1. Can u please explain where u put the tapes?

    1. Greetings! As I mentioned in the Kinesiotaping post itself, I will be posting 3 basic applications here in the Miscellaneous Toolbox. I expect to be able to generate the sample applications shortly. As promised...coming soon! It is important to remember that each individual is different and manifests different weaknesses, imbalances, and systemic dysfunctions...therefore each person demands very specific applications that are customized for their specific condition. My intent with the 3 sample applications listed above is to give a visual example of basic applications. I hope this helps!

  2. Have you any expirience in using KT on severely disabled CP feet? We have been doing ABR with our daugther, 15 years old for 6 years, severe CP tetraplegia with nice results. I was wondering though if the tape could have an impact on her feet. They are still not improving - I wonder if tape could help on the way? What is your opinion?

    1. Greetings! This is a common question that I get quite often...likely due to the fact that it is so intuitive. The answer itself is higly variable, however...simply due to the fact that each individual case is quite unique and manifests unique characteristics. This high variability in manifestations is the determinant factor in deciding whether KT would be a valuable course of action. Although I can expand quite significantly, I will attempt to give you a more direct response to your question and if you have more questions, you are more than welcome to follow up and communcate with me further.
      The first point to highlight would be your reference to ¨severely disabled¨ feet. In my experience, parents who use this term are typically referencing feet that manifest some profound distortion and muscular tension. The reality of KT is that it´s most effective impact is MECHANICAL FACILITATION through direct application along fascial lines. In addition, the actual contact of the tape on the skin elicits some sensory feedback to the brain that can potentially stimulation some improvements in the representation of the joints or limb in the brain which indirectly contributes to some increased proprioceptive competence. This implies that the main challenge is essentially WEAKNESS AND MOVEMENT DYSFUNCTION...it is unfortunately very inadequate at ¨correcting distortion¨ or fighting against muscular tension.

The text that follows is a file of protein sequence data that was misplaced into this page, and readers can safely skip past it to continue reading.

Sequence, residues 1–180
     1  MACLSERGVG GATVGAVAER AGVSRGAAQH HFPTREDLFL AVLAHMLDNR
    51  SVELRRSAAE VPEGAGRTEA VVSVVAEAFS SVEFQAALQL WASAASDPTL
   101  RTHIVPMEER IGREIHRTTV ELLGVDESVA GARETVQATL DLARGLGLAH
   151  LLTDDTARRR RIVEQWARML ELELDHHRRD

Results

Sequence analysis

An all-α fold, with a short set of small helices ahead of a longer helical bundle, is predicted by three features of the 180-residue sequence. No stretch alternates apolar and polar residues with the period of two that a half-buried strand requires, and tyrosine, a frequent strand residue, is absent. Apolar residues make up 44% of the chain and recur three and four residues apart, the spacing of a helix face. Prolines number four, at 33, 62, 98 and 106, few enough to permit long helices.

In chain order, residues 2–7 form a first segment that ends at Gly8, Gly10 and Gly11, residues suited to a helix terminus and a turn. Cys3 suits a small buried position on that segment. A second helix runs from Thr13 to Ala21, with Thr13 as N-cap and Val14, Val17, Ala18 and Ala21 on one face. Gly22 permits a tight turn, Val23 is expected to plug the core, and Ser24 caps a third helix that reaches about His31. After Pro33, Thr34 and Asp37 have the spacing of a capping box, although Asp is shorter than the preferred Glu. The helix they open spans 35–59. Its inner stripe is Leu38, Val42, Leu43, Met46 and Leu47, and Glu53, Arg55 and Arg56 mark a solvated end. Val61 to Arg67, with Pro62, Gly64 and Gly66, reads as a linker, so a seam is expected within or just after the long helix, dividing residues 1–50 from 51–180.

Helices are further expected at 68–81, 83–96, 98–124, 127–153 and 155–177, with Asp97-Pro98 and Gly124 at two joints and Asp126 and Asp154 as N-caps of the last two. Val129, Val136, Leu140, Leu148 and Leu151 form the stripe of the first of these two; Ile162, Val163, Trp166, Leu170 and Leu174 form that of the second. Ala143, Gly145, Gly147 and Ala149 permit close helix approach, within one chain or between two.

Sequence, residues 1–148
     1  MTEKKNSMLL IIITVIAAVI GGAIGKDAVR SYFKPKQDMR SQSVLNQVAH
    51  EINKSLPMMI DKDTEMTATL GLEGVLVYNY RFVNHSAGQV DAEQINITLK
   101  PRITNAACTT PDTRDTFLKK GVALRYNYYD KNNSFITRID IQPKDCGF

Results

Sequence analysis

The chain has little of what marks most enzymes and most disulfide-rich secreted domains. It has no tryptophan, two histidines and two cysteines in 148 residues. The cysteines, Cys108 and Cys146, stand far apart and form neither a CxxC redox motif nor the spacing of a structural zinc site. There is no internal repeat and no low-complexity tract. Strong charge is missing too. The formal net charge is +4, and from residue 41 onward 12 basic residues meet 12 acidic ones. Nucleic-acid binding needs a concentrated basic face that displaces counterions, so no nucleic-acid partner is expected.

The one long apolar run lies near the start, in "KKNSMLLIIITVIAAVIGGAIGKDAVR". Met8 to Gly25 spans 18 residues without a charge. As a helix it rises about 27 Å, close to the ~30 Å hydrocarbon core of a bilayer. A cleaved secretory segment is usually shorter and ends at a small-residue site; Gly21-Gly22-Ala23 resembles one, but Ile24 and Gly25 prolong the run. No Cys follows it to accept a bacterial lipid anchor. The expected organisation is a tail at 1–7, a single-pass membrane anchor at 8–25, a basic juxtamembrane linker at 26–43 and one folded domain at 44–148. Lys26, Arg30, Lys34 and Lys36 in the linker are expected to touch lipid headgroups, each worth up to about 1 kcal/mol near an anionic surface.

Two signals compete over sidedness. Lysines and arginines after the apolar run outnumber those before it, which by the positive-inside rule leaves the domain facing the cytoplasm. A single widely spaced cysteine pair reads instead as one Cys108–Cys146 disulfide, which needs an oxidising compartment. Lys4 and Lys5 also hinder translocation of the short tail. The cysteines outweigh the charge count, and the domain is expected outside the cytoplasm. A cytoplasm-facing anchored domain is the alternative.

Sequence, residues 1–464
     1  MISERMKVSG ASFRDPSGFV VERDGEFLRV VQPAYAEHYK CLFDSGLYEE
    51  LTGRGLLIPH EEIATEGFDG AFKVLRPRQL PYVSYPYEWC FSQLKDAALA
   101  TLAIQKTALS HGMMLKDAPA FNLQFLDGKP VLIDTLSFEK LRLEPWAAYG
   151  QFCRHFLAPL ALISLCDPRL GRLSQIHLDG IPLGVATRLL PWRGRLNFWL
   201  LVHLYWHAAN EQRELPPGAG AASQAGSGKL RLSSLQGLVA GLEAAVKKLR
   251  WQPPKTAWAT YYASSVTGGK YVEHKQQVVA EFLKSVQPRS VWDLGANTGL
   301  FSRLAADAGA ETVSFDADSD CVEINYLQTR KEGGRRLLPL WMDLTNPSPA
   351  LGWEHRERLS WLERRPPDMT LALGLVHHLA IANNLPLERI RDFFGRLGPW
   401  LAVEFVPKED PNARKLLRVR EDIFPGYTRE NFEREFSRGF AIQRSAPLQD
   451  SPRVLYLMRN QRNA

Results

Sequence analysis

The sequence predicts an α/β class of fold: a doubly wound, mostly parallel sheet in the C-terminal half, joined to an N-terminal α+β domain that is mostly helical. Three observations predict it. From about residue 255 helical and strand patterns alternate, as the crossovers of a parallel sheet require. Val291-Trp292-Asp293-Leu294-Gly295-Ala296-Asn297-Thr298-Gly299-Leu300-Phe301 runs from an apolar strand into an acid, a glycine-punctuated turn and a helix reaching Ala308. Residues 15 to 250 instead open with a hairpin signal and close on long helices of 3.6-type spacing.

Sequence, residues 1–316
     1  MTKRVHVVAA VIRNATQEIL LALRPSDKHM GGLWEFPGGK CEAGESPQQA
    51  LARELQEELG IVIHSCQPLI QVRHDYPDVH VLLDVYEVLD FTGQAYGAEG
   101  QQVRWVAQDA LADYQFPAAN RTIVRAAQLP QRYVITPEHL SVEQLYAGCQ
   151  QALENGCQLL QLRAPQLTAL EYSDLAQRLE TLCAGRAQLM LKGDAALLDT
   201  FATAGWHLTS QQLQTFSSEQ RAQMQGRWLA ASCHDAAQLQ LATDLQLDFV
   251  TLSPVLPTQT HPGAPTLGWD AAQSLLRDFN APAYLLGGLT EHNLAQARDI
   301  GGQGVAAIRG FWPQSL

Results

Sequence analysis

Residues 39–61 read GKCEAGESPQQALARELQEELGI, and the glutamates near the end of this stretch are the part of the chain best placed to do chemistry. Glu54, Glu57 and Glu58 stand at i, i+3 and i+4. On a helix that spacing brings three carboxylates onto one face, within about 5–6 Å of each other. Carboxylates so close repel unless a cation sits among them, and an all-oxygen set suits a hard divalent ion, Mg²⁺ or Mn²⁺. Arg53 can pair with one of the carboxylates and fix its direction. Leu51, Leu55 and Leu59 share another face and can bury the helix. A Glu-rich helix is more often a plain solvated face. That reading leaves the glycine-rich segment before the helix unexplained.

I should mention that this response is in direct relation to your likely thought process of ¨implementing the tape to correct distortion¨. This does not mean that even in this case that there isnt some potential use for KT. It has some definite potential if applied in specific ways (and areas) to, for example, relax the tensed muscles in the foot; improve interstitial fluid flow in the area to contribute to maximum relaxation; improve the effectiveness of the local ABR applications you are applying in the area; etc.
      In summary, it is almost impossible to apply a blanbket ¨yes or no¨ answer to your question...the available information is too little and, as mentioned before, there are many, many variables to consider. In my experience with CP and KT there is always a reliable avenue that could be explored...the mode or manifestation of the KT applications are determined by the realistic objectives determined by the undividual case...in other words, what will be the most realistic mandate; mechanical facilitation, proprioceptive input, interstitial fluid flow, or a combination of them.
      I apologize for the long reply, but im hoping that it at least provides some clarity for you. It is likely to stimulate more questions as opposed to answer the original one...however, this is a reality with CP that is always present: CP is a complex and comprehensive condition that demands complex and comprehensive solutions. Therefore every answer will be characterized by quite alot of variability.
      Keep in touch and thanks for reading!